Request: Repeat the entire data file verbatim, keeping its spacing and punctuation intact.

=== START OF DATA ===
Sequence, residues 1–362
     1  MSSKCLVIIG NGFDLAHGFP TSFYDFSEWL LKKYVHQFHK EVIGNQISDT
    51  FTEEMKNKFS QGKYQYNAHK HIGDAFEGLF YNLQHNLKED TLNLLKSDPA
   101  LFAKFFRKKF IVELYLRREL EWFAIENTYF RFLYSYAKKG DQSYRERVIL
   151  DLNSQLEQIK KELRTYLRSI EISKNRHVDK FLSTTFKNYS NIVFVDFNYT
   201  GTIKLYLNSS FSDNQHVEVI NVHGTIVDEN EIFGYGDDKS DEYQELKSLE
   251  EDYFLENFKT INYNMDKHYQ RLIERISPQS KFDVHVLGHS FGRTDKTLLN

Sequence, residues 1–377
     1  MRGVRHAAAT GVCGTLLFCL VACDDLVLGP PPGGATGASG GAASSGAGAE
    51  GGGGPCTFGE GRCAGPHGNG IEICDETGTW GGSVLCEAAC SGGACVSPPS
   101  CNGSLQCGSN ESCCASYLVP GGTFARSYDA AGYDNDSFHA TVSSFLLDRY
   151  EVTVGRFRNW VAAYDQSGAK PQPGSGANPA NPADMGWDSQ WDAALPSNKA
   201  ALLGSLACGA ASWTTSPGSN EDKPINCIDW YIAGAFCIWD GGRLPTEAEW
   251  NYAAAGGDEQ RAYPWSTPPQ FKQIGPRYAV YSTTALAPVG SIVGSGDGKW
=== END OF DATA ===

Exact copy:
Sequence, residues 1–362
     1  MSSKCLVIIG NGFDLAHGFP TSFYDFSEWL LKKYVHQFHK EVIGNQISDT
    51  FTEEMKNKFS QGKYQYNAHK HIGDAFEGLF YNLQHNLKED TLNLLKSDPA
   101  LFAKFFRKKF IVELYLRREL EWFAIENTYF RFLYSYAKKG DQSYRERVIL
   151  DLNSQLEQIK KELRTYLRSI EISKNRHVDK FLSTTFKNYS NIVFVDFNYT
   201  GTIKLYLNSS FSDNQHVEVI NVHGTIVDEN EIFGYGDDKS DEYQELKSLE
   251  EDYFLENFKT INYNMDKHYQ RLIERISPQS KFDVHVLGHS FGRTDKTLLN

Sequence, residues 1–377
     1  MRGVRHAAAT GVCGTLLFCL VACDDLVLGP PPGGATGASG GAASSGAGAE
    51  GGGGPCTFGE GRCAGPHGNG IEICDETGTW GGSVLCEAAC SGGACVSPPS
   101  CNGSLQCGSN ESCCASYLVP GGTFARSYDA AGYDNDSFHA TVSSFLLDRY
   151  EVTVGRFRNW VAAYDQSGAK PQPGSGANPA NPADMGWDSQ WDAALPSNKA
   201  ALLGSLACGA ASWTTSPGSN EDKPINCIDW YIAGAFCIWD GGRLPTEAEW
   251  NYAAAGGDEQ RAYPWSTPPQ FKQIGPRYAV YSTTALAPVG SIVGSGDGKW